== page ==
Share on other sites

And chocolate sandwiches---I've asked this before, but I'd like to remember where I saw it.  A child remembered that a sedate, demure teacher brought a baguette to school every day, split and filled with bits of chocolate, and wrapped in waxed paper.  She would sit on it all morning, and by lunchtime, her ladylike behind had heated and smushed that sandwich into a warm, chocolatey delight, the envy of all the children with bread-and-butter lunches.  Anybody remember who wrote that, or what story I'm remembering?

This has been driving me nuts since I read you post this morning. It is a strong memory for me- evocative of the flight attendant who told me to warm up the baby bottle by placing it down my top... It is from Time Life Foods of the World volume entitled The Cooking of Provincial France by M.F.K. Fisher. See top of page 11 regarding the elderly music teacher.

Link to comment
Share on other sites

And chocolate sandwiches---I've asked this before, but I'd like to remember where I saw it.  A child remembered that a sedate, demure teacher brought a baguette to school every day, split and filled with bits of chocolate, and wrapped in waxed paper.  She would sit on it all morning, and by lunchtime, her ladylike behind had heated and smushed that sandwich into a warm, chocolatey delight, the envy of all the children with bread-and-butter lunches.  Anybody remember who wrote that, or what story I'm remembering?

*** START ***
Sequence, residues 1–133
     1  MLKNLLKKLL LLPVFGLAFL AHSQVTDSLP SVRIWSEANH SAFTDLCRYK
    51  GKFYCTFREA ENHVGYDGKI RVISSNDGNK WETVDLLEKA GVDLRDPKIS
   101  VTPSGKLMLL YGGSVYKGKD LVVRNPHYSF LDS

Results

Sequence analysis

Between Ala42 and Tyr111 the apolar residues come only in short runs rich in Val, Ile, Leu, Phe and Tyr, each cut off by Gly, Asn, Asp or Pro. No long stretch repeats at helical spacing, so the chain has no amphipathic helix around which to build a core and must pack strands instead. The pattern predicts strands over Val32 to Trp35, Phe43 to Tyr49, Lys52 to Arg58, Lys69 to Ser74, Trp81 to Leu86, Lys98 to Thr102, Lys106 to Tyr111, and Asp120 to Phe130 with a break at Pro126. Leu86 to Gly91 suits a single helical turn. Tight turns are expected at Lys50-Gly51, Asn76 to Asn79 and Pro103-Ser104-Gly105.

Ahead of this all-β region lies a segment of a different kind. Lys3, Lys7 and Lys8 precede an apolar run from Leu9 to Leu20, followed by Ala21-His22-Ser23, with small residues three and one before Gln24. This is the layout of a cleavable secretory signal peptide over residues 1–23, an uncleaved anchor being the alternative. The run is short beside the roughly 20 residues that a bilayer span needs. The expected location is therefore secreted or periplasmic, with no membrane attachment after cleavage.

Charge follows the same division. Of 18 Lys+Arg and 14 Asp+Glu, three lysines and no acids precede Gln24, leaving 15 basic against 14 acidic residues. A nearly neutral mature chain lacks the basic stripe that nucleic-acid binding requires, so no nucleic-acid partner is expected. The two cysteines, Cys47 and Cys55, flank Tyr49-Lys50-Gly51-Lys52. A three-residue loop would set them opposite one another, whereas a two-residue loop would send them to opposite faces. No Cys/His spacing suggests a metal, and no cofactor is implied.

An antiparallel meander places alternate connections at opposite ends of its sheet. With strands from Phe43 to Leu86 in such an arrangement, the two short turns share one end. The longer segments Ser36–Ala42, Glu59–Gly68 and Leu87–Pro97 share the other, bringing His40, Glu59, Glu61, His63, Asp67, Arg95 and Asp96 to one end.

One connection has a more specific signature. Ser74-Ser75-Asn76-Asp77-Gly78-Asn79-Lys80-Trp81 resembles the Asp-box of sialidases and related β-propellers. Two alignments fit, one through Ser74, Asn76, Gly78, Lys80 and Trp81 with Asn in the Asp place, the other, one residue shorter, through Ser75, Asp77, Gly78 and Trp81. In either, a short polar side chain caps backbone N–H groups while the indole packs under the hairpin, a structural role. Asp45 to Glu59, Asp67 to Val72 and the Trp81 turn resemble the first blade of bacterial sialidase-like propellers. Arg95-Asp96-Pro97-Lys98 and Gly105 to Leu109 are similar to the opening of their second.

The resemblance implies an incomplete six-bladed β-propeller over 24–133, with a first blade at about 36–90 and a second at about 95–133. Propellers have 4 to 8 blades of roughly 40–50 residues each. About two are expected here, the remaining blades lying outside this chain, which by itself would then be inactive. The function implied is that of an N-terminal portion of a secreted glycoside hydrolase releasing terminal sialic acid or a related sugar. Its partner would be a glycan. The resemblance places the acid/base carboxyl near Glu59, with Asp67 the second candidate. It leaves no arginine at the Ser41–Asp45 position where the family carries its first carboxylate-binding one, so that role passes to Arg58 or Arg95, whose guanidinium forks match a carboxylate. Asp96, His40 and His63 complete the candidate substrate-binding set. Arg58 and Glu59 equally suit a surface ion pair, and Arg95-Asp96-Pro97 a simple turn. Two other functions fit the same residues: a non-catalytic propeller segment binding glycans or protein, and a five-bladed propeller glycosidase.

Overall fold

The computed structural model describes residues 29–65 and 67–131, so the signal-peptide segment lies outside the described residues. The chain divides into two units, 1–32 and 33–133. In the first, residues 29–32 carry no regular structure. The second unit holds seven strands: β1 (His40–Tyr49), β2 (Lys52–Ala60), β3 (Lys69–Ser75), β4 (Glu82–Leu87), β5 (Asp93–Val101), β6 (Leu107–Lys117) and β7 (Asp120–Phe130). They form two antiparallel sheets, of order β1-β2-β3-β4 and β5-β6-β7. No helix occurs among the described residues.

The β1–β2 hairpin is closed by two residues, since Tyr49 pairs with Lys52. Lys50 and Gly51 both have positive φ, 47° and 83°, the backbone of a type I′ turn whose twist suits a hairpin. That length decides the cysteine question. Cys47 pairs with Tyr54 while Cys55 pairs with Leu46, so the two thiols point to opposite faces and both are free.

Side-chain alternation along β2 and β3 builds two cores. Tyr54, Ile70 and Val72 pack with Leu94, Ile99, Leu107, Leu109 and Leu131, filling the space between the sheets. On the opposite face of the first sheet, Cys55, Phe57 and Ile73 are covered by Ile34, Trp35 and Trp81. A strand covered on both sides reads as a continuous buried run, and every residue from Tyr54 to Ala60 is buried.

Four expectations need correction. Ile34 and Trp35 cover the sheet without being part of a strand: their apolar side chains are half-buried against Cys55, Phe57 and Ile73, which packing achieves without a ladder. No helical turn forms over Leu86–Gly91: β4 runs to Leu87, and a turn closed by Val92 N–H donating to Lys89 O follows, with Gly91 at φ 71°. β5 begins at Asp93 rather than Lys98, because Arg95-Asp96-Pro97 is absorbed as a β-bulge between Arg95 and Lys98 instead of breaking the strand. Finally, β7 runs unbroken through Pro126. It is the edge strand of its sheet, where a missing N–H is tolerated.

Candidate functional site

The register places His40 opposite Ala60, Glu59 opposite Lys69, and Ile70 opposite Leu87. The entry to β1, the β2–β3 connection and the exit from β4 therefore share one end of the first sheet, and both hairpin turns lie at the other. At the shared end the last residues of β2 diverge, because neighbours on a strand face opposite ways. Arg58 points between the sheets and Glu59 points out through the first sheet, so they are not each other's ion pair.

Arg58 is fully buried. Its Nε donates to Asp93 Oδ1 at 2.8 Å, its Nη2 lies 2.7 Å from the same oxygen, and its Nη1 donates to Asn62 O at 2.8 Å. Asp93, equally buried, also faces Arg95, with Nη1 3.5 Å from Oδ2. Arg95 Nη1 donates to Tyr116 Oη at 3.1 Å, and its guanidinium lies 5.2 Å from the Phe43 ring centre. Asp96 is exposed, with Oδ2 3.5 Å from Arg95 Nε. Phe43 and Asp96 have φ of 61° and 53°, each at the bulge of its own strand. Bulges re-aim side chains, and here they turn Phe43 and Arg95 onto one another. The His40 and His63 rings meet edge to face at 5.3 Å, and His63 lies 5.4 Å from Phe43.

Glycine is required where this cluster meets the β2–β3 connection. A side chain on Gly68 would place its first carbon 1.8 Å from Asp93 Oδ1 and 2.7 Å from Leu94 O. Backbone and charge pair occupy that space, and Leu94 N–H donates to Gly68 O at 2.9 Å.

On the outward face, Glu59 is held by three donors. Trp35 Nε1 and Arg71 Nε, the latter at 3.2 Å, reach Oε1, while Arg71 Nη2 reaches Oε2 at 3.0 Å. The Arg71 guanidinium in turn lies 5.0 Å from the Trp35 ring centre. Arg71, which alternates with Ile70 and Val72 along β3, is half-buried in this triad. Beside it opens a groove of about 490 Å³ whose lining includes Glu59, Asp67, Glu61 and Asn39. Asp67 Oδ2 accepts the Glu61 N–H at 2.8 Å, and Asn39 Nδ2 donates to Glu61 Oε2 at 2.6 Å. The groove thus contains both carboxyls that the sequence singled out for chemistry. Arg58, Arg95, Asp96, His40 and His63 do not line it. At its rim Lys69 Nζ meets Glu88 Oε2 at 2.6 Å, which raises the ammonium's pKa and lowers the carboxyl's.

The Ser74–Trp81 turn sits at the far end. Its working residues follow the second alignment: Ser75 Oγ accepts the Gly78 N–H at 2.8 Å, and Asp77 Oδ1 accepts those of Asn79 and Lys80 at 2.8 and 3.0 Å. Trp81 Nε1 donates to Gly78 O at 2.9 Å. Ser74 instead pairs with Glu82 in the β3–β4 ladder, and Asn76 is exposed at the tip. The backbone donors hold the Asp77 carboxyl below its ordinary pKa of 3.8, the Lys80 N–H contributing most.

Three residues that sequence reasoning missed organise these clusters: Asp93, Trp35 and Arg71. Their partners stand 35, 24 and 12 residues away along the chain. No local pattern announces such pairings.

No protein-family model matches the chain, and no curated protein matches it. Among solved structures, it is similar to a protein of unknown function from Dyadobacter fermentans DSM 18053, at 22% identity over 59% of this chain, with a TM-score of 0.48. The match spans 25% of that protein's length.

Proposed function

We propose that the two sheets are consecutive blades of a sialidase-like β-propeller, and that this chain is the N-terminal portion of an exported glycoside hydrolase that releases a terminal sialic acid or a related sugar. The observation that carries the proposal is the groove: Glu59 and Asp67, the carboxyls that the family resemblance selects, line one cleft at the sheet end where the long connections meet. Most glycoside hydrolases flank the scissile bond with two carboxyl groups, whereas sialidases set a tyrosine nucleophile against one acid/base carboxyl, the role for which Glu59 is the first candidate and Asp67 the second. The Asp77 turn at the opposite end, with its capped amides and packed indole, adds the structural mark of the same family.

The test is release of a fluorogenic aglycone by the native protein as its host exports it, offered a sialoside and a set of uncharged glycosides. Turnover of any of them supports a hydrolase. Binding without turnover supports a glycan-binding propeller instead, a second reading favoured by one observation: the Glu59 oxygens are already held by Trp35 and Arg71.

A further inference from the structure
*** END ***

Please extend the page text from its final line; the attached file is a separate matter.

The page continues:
This has been driving me nuts since I read you post this morning. It is a strong memory for me- evocative of the flight attendant who told me to warm up the baby bottle by placing it down my top... It is from Time Life Foods of the World volume entitled The Cooking of Provincial France by M.F.K. Fisher. See top of page 11 regarding the elderly music teacher.

Oh my gosh, I have this book and I'd never read that part before....how cute is that?

Link to comment
Share on other sites

You FOUND it!!! I almost went wading through all my Fishers, because it sounded JUST LIKE HER. I knew better than to try right now, because I flip through, find a favorite section, and just dive in, to emerge hours later, dishes undone, and some faint recollection that dinner needs starting.

This is SO cool---I HAD that particular book, the TLFOW one, but sent it to Daniel with several Southern-style cookbooks in a flurry of housecleaning sometime last year. I just love it when a memory triggers a nice remembrance for someone else as well.

It's almost as good as sitting down to tea together. :wub:

Link to comment
Share on other sites

 Share

×
×
  • Create New...